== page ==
Why I Support the Creation of Valour District

At our council meeting this past Tuesday, one of the important topics discussed was the proposed creation of Valour District. The proposed district would recognize our military history here in Kingston through the creation of new street signs with a red poppy, the symbol of remembrance, and the words ‘Valour District’.  The signs would replace or be added to the signs in the proposed district stretching from the Kingston Armouries on Montreal Street to Fort Frontenac on Ontario Street.

The community engagement conducted by the city received both positive and negative feedback on the idea of creating the Valour District. In fact, the feedback was about 50% in favour and 50% opposed. I always keep an open mind and consider all perspectives and opinions before coming to a decision. But now, after having read the comments and considered the idea, I am firmly in favour of the creation of Valour District.

The tipping point for me was being a part of this week’s ceremony marking the 100th anniversary of the departure of the 21st Battalion from Kingston. On May 5, 1915, three quarters of the entire population of Kingston lined the streets to say goodbye to young soldiers on their way to the battlefields of World War I. The Great War and the conflicts that followed are terrible events in world history. Commemorating such events is in no way to romanticize or glorify, but instead to pay tribute to those who fought and many who gave the ultimate sacrifice for the peace and prosperity we enjoy today.

The creation of Valour District is to honour the memory of young men and women who were willing to sacrifice their lives in order to serve our country, like those in the 21st Battalion. Even today, while we can disagree on the politics of military involvement in conflicts around the world, surely we can all agree that a soldier who accepts the order to risk their life in a war zone is demonstrating valour. It is this demonstration of valour that we recognize every November 11. And it is this demonstration of valour that we should recognize in Kingston through the creation of Valour District.

6 Responses

  1. David McDonald says:

    I have also read all the comments and would argue that they are not 50/50, as the mayor suggests. The arguments in favour of naming the district Valour are largely just repetitions of the same basic theme – Kingston is a military town and we need to support the troops. Arguments against, on the other hand, are much more diverse in their justification, ranging from concerns with the glorification of war, to questions of whether a district should be named after a sentiment, to more technical matters of process and representivity. I found these latter arguments much more compelling and wide-ranging. In qualitative terms they probably make up 90% of the contributions.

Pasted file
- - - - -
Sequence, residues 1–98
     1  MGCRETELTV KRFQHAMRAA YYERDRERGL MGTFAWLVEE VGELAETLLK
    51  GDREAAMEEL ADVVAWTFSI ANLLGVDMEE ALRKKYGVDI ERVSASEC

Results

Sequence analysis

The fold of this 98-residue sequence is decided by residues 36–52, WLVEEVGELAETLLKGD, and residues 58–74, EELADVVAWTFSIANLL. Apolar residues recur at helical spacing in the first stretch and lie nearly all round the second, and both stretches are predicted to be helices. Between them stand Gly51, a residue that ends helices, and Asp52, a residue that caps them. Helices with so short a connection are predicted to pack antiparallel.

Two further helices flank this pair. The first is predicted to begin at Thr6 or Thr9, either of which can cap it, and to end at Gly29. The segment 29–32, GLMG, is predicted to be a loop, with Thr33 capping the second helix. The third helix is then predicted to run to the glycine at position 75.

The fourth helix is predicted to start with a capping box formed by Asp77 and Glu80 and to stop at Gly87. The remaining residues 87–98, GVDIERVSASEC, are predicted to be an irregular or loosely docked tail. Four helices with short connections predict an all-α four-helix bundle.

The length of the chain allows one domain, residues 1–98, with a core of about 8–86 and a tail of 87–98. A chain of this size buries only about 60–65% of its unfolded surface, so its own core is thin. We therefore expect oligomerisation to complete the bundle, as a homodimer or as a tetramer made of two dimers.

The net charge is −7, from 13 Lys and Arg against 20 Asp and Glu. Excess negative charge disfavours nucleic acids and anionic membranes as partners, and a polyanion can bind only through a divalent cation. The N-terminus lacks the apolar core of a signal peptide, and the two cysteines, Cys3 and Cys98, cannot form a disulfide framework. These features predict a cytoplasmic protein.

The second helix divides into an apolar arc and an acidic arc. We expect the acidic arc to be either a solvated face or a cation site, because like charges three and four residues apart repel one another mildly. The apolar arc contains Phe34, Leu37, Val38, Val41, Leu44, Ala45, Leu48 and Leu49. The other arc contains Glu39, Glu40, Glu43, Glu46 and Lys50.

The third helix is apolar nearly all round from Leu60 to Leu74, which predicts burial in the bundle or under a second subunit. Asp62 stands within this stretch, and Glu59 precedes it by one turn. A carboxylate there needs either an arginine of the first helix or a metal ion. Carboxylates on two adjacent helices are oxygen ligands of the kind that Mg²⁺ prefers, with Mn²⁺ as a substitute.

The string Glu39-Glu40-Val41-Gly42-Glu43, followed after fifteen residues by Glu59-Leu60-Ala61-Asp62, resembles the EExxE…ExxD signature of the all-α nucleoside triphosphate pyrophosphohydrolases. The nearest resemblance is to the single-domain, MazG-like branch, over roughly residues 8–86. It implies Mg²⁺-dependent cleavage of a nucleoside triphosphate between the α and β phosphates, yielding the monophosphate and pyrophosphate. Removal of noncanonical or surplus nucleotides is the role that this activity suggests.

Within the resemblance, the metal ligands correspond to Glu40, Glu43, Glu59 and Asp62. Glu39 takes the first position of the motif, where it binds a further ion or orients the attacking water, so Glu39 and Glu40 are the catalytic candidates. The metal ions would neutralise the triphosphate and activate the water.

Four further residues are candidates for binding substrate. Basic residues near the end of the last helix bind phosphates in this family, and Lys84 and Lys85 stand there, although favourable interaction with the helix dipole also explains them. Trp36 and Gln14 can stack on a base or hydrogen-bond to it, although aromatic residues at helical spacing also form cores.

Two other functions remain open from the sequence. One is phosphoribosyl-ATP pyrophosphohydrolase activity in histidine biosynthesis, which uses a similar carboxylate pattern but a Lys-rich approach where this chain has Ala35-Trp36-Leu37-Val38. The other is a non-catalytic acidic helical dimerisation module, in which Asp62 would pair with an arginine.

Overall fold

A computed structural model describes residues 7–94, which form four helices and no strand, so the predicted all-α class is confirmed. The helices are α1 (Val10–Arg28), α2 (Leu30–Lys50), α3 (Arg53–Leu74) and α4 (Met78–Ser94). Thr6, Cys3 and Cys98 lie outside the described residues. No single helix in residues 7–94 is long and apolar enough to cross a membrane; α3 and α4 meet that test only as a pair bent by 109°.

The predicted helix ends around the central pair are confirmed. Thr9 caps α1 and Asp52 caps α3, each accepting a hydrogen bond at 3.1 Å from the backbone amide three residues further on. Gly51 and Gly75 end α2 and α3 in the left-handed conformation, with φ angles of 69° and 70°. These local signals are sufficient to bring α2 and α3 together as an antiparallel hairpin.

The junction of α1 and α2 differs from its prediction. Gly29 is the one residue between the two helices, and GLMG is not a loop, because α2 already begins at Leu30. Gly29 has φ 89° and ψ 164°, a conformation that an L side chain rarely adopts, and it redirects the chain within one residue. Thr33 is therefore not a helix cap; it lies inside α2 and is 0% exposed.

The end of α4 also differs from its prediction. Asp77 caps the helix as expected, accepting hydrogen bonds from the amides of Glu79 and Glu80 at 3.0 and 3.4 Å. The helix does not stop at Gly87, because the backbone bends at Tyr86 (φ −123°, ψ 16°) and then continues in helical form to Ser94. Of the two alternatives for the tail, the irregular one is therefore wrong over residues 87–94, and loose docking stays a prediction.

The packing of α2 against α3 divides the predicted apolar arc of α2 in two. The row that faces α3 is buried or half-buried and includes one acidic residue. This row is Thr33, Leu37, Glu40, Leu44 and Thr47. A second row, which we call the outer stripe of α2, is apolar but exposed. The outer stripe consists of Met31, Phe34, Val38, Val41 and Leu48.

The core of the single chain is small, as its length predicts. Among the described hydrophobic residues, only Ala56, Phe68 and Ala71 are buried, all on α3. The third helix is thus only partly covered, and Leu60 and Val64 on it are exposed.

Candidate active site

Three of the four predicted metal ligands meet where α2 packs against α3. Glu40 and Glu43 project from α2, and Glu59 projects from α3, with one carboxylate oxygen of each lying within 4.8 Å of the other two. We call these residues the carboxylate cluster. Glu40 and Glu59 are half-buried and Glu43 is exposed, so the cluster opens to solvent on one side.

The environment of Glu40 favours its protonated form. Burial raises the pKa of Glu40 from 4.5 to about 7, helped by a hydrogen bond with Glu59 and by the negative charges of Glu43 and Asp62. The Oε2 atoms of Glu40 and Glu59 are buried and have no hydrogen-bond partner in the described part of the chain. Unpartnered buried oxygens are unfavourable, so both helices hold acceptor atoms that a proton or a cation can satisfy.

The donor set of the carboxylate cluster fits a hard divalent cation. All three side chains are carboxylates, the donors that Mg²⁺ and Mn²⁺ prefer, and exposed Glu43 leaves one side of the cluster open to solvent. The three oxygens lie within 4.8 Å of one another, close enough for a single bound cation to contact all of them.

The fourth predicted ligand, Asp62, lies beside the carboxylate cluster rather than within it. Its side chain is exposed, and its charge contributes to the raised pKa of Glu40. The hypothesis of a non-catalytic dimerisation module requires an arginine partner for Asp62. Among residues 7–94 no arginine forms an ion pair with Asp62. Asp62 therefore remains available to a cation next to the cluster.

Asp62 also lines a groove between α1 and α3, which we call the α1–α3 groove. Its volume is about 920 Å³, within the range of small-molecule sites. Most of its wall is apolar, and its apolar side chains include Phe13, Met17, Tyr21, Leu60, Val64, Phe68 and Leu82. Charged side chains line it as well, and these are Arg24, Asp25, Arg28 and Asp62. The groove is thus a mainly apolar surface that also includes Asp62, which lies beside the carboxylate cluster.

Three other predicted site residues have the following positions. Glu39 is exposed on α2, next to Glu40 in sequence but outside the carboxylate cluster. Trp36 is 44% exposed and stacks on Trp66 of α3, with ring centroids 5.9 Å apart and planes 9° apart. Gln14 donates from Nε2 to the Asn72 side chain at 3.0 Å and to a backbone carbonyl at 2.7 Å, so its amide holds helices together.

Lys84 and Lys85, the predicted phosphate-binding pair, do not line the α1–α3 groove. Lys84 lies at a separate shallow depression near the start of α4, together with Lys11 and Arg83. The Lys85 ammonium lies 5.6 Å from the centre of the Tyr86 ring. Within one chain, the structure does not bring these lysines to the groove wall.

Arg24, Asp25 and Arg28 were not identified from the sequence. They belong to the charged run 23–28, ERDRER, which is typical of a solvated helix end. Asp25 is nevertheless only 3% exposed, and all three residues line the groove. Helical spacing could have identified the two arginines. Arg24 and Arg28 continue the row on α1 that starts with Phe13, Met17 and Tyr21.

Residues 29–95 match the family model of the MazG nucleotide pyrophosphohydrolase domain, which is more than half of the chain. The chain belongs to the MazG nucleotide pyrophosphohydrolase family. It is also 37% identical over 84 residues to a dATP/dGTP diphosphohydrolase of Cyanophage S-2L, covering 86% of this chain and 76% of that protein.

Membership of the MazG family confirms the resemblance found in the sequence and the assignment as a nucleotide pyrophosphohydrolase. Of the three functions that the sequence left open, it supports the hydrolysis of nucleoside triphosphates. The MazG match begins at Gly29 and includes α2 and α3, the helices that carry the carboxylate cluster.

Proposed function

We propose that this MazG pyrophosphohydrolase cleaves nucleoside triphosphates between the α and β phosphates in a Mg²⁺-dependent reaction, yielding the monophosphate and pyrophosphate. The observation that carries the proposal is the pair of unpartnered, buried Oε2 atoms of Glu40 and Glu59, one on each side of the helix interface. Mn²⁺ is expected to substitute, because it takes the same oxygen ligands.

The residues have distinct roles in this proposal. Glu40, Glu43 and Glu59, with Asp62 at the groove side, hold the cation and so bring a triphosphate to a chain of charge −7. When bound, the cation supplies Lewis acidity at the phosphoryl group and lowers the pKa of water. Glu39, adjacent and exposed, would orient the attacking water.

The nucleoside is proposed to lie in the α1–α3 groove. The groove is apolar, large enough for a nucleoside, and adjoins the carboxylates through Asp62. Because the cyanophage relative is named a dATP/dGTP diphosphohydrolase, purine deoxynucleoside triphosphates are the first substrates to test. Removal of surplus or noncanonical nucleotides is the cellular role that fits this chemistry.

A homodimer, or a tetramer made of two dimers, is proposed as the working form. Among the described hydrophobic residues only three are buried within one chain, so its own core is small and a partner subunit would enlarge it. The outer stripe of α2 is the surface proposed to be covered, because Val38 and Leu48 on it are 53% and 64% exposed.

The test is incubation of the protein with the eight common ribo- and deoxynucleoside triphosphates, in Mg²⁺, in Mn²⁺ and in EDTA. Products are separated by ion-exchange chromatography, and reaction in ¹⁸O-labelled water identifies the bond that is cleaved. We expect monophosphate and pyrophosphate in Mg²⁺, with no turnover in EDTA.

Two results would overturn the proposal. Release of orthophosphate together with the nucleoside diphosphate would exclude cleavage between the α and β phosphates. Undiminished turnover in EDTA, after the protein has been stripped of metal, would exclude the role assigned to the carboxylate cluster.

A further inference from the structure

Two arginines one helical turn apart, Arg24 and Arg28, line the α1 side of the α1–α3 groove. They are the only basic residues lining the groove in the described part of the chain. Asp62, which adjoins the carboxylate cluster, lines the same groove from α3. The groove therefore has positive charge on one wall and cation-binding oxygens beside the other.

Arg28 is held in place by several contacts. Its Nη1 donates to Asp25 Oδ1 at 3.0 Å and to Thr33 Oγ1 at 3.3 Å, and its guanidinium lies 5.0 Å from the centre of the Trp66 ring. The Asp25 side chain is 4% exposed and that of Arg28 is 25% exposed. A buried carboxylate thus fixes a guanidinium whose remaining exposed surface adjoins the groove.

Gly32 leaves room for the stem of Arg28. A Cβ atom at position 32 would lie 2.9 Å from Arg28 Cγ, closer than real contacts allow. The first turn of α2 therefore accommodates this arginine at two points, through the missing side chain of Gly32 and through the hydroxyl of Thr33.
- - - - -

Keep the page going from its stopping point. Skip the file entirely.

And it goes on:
2. The Valour District creation diminishes the contributions of the City’s Aboriginal, French and Industrial Heritage. That district should be recognized for more than valour. The Memorial Centre should be the focus for remembrance of valour.

  3. Martha Rudden says:

    I would far rather see us celebrate a peace themed area name. My father fought in the Netherlands in the Second World War, and he was forever altered by the horrors he experienced. War should definitely be remembered, but never glorified and celebrated. Please focus on peace, not war.

  4. Hannah Kaufman says:

    I’m strongly against calling this district the Valour District. We already have the lovely memorial at the Memorial Cemtre, as well as the armoury. There is much more history stemming from the district than just war related events and buildings. It also glorifies war, not peace.

  5. Bronek Korczynski says:

    Mayor Patterson, I must respectfully disagree with your position on the so-called Valour District for many of the reasons already recorded in the city staff’s report on the matter. We already have many suitable commemorative markers in the city related to those who served Canada in recent international conflicts. When is enough, enough? As the recommendations of the recent report on Commemorations and Memorials makes clear, there are numerous other groups/issues that would more appropriately garner such recognition. I urge you, and Council, to accept that report and its conclusions regarding the so-called Valour District proposal.

  6. Carolyn Boyce says:

    Very bad choice! It is too narrow a focus. Many people and groups have made Kingston what it is. It even sounds awful.

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